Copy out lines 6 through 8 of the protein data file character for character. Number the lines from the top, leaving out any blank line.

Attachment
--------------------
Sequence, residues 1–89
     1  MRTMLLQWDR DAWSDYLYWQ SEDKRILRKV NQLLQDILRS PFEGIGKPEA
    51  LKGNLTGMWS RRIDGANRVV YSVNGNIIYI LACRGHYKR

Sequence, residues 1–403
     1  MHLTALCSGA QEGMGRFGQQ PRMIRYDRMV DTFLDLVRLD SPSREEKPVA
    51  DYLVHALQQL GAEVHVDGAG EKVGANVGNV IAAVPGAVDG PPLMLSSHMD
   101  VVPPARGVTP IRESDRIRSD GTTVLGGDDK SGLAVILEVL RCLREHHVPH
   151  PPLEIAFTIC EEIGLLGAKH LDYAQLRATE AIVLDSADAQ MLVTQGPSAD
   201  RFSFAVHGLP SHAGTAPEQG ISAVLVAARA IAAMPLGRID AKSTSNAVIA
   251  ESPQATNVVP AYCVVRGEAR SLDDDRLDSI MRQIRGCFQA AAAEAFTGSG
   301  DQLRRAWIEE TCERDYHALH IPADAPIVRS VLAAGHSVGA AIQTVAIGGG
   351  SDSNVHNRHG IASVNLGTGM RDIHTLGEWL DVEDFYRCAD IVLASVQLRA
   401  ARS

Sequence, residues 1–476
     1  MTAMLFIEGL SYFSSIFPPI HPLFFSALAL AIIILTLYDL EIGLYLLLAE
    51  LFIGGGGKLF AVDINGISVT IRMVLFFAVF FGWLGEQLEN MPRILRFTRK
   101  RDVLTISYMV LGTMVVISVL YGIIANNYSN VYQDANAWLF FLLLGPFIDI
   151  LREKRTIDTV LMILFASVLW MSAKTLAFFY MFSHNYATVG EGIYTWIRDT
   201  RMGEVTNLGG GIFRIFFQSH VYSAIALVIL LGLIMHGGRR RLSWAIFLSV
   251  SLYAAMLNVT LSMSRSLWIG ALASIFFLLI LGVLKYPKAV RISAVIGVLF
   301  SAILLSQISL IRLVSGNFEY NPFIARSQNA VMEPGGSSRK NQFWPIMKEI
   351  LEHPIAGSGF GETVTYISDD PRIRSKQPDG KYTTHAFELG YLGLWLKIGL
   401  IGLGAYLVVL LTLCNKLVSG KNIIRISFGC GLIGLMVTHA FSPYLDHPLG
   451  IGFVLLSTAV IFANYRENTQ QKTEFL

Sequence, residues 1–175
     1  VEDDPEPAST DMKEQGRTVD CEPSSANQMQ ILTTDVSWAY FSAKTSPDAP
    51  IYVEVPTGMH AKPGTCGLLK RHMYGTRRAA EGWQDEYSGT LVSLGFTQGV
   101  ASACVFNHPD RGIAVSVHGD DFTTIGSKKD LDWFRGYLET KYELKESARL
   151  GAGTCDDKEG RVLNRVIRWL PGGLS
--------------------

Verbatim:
    51  DYLVHALQQL GAEVHVDGAG EKVGANVGNV IAAVPGAVDG PPLMLSSHMD
   101  VVPPARGVTP IRESDRIRSD GTTVLGGDDK SGLAVILEVL RCLREHHVPH
   151  PPLEIAFTIC EEIGLLGAKH LDYAQLRATE AIVLDSADAQ MLVTQGPSAD